S: Rather similar - the upadaya rupas arise by sahajata (conascence)* condition, nissaya (dependence) condition and other conditions, just as cetasikas arise with citta by sahajata, nissaya, a~n~nama~n~na (mutual support) and other conditions too. Citta is the chief in experiencing.

      Nina wrote the following before:

      N: Gaining a footing: is supported by: nissaya-paccaya. One of the
      many conditions. Cetasikas support the citta they accompany. See my
      book on conditions, p. 47:
      < The dependence-condition, nissaya-paccaya, refers to realities
      which condition other realities by being their support or foundation.
      We read in the "Visuddhimagga" (XVII, 79) about dependence-condition,
      which is here translated as support-condition:

      "A state (dhamma) that assists in the mode of foundation and in the
      mode of support is a support-condition, as the earth is for trees, as
      canvas is for paintings, and so on."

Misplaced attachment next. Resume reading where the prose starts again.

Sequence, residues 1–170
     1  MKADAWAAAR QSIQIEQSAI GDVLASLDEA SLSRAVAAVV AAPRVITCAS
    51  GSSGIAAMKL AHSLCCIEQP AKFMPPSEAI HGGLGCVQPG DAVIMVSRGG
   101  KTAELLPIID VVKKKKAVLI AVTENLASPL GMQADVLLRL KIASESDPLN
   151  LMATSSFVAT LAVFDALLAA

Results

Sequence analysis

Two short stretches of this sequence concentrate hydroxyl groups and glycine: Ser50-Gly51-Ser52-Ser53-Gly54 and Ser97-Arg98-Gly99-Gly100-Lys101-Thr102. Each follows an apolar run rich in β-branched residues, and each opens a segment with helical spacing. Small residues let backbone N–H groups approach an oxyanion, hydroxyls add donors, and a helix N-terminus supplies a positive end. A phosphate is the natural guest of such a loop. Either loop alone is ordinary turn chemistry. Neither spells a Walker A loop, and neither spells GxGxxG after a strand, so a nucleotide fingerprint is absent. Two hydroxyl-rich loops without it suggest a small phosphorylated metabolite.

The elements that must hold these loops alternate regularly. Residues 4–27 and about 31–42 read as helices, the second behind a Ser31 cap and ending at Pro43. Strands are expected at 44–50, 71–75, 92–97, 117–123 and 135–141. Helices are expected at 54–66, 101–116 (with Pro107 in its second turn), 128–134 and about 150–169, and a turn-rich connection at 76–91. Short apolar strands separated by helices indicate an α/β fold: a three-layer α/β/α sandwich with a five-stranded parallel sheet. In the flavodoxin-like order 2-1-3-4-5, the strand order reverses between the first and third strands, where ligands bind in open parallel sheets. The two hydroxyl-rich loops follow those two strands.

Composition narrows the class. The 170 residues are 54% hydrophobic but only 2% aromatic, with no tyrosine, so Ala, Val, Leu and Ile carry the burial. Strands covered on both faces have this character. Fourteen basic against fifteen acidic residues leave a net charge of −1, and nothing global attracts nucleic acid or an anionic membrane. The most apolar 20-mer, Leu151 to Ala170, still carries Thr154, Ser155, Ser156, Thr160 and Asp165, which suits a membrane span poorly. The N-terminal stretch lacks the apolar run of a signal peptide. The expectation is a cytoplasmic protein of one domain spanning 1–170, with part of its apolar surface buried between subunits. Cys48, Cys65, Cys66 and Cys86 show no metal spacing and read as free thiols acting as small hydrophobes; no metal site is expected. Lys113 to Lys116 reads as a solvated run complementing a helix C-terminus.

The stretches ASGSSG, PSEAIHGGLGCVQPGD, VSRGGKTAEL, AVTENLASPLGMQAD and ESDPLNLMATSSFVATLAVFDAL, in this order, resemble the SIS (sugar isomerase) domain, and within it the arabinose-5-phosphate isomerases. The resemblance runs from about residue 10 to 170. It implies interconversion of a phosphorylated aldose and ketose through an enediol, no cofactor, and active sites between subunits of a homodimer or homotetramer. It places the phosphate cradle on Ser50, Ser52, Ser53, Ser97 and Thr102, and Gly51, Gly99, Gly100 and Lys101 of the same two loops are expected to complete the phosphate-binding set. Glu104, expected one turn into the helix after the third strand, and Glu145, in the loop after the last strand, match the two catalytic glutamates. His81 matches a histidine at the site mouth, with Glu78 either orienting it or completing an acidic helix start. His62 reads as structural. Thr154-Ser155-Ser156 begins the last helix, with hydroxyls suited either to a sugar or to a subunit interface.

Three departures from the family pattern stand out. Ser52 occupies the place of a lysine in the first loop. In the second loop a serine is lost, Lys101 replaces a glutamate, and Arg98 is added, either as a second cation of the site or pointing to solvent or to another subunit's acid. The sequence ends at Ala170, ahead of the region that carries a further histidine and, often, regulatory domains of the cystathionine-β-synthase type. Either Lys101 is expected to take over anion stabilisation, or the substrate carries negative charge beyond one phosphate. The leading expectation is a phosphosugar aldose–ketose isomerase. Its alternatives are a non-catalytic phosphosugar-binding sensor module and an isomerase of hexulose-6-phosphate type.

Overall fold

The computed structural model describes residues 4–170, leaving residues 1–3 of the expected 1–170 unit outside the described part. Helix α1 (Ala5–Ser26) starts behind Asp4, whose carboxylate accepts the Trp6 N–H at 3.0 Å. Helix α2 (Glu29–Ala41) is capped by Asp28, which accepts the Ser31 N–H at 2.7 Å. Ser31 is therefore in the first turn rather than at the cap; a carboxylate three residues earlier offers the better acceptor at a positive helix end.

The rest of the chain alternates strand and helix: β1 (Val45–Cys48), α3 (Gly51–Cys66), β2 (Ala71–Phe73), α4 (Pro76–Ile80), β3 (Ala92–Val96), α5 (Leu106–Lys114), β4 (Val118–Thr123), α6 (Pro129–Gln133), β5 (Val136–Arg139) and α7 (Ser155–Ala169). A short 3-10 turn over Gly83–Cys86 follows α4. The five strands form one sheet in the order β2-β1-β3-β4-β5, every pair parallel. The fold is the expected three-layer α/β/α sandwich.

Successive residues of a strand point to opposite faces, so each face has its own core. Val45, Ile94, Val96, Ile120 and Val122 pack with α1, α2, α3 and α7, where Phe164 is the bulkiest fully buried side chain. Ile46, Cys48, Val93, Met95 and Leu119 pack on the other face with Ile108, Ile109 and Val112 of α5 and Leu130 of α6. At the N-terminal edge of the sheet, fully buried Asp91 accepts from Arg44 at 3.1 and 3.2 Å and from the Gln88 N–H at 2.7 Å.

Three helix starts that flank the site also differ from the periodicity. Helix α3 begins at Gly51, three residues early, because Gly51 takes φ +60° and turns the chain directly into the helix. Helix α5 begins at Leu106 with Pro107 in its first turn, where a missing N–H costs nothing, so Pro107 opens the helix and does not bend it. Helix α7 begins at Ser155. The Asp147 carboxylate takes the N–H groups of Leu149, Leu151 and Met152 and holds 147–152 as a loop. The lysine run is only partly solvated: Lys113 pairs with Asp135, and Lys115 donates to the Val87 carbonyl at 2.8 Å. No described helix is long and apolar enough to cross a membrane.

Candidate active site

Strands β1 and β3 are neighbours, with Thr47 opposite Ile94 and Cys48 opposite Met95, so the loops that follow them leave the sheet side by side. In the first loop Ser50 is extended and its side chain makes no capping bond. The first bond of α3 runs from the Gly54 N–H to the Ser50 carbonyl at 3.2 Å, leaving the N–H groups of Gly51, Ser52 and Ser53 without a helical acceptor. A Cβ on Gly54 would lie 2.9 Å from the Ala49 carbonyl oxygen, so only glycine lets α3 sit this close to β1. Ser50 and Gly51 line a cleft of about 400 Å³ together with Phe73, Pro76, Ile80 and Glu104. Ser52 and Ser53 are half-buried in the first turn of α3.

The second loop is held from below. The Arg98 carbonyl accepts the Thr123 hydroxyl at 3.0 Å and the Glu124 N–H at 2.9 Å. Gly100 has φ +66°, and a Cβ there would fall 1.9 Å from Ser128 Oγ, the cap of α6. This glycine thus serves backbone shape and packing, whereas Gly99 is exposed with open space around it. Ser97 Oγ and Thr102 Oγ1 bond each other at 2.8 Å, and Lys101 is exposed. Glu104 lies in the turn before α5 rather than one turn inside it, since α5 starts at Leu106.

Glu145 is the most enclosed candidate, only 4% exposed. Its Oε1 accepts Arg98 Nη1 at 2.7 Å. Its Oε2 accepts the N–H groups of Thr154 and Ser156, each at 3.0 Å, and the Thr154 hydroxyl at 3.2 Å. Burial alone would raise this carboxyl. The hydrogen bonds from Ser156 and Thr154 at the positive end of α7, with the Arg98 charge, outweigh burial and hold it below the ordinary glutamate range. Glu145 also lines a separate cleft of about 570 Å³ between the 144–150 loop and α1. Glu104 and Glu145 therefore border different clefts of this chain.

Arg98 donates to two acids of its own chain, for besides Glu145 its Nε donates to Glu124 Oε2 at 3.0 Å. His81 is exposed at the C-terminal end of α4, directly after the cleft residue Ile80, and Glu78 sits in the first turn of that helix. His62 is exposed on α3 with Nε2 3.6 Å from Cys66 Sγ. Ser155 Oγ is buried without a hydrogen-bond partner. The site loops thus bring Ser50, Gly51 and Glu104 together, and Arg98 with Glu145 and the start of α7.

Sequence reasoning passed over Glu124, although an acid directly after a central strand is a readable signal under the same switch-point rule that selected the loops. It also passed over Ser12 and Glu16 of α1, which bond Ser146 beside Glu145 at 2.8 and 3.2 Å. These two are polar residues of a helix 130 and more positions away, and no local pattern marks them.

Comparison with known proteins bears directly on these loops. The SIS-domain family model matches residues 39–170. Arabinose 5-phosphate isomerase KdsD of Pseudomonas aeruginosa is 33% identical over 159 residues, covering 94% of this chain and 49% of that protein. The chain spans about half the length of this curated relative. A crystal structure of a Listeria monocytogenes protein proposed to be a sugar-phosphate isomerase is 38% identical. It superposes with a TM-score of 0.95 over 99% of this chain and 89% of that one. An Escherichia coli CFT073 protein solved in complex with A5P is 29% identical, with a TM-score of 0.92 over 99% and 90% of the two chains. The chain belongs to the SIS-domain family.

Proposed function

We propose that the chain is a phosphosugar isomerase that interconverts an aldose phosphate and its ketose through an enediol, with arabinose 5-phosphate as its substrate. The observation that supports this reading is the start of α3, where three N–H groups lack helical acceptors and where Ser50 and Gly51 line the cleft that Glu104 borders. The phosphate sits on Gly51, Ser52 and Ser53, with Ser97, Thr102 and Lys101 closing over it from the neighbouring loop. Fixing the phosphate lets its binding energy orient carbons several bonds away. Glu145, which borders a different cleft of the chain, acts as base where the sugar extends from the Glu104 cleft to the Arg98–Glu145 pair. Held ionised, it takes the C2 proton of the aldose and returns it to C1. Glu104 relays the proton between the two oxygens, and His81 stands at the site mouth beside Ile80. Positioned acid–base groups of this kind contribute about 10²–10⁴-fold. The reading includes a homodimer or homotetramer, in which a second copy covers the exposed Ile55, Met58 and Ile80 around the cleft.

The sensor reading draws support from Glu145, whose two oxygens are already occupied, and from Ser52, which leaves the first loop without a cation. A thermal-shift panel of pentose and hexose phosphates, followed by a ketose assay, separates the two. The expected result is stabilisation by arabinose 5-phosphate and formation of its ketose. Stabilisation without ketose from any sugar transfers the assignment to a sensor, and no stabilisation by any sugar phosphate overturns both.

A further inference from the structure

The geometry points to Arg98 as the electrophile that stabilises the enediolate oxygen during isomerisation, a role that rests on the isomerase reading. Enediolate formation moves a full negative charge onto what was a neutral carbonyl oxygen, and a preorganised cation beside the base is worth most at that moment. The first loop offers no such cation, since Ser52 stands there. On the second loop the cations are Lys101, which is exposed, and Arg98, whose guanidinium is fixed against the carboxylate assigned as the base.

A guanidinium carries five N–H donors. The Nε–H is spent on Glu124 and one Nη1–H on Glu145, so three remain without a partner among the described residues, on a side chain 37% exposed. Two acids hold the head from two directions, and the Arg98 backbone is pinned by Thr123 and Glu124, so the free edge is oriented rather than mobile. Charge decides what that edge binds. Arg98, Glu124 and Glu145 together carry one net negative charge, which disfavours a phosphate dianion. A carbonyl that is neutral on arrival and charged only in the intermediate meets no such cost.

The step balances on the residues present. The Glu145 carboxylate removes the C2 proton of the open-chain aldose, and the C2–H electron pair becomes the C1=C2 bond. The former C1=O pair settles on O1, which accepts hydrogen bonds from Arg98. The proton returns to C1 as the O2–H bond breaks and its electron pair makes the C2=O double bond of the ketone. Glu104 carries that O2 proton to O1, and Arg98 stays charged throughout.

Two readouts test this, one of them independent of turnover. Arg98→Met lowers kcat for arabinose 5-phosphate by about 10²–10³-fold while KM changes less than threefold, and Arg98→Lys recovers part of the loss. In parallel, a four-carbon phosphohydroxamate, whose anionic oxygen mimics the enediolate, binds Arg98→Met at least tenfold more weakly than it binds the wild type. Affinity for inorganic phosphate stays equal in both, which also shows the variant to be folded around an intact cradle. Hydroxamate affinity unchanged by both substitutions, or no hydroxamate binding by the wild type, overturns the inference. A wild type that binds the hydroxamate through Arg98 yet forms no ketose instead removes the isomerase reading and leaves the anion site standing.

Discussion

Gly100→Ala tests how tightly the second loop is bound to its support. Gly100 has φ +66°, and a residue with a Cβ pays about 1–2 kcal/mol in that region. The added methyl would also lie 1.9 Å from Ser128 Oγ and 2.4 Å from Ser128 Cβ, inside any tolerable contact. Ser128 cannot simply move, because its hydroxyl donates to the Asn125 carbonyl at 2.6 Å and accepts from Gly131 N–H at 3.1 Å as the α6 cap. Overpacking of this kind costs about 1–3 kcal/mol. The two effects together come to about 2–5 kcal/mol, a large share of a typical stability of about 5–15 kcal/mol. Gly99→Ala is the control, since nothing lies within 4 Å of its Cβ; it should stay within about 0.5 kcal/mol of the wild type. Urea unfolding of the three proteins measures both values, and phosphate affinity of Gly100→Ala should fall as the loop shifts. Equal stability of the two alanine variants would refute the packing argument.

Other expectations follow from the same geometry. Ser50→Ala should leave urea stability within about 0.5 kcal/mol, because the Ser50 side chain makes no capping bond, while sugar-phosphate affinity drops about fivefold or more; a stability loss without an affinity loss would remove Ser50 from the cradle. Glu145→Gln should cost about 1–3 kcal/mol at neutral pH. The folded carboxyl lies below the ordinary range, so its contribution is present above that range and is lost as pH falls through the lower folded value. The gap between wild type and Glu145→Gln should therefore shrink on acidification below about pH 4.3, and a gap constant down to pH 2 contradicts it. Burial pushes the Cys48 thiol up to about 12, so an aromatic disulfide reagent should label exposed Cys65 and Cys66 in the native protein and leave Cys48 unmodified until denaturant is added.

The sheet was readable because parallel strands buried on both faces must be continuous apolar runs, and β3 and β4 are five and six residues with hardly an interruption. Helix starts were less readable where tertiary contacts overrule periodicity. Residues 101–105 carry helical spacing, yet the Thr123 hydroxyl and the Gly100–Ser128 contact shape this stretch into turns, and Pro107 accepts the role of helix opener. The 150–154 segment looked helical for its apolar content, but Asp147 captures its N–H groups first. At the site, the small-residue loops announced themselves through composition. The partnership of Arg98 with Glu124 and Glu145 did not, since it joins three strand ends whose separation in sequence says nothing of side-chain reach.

This type of condition refers to phenomena which are conascent
      (arising together) with the phenomena they condition as well as to
      phenomena which have arisen previously to the phenomena they condition.
      We read in the "Pa.t.thåna" (Analytical Exposition, 8) as to the
      dependence-condition for conascent phenomena:

      "1. The four immaterial khandhas are mutually related to one another
      by dependence-condition....
      As to the first class, the four nåmakkhandhas are mutually related to
      one another by conascent dependence-condition: citta and cetasikas
      always arise together and they are depending on one another. Citta
      cannot arise without cetasikas and cetasikas cannot arise without
      citta. As we have seen, they are also related to one another by way
      of conascence, sahajåta, and by way of mutuality, aññamañña.
      The teaching of dependence-condition, nissaya paccaya, reminds us
      that citta and cetasikas need one another to perform their functions.
      Citta is the "chief" in cognizing an object, and cetasikas share the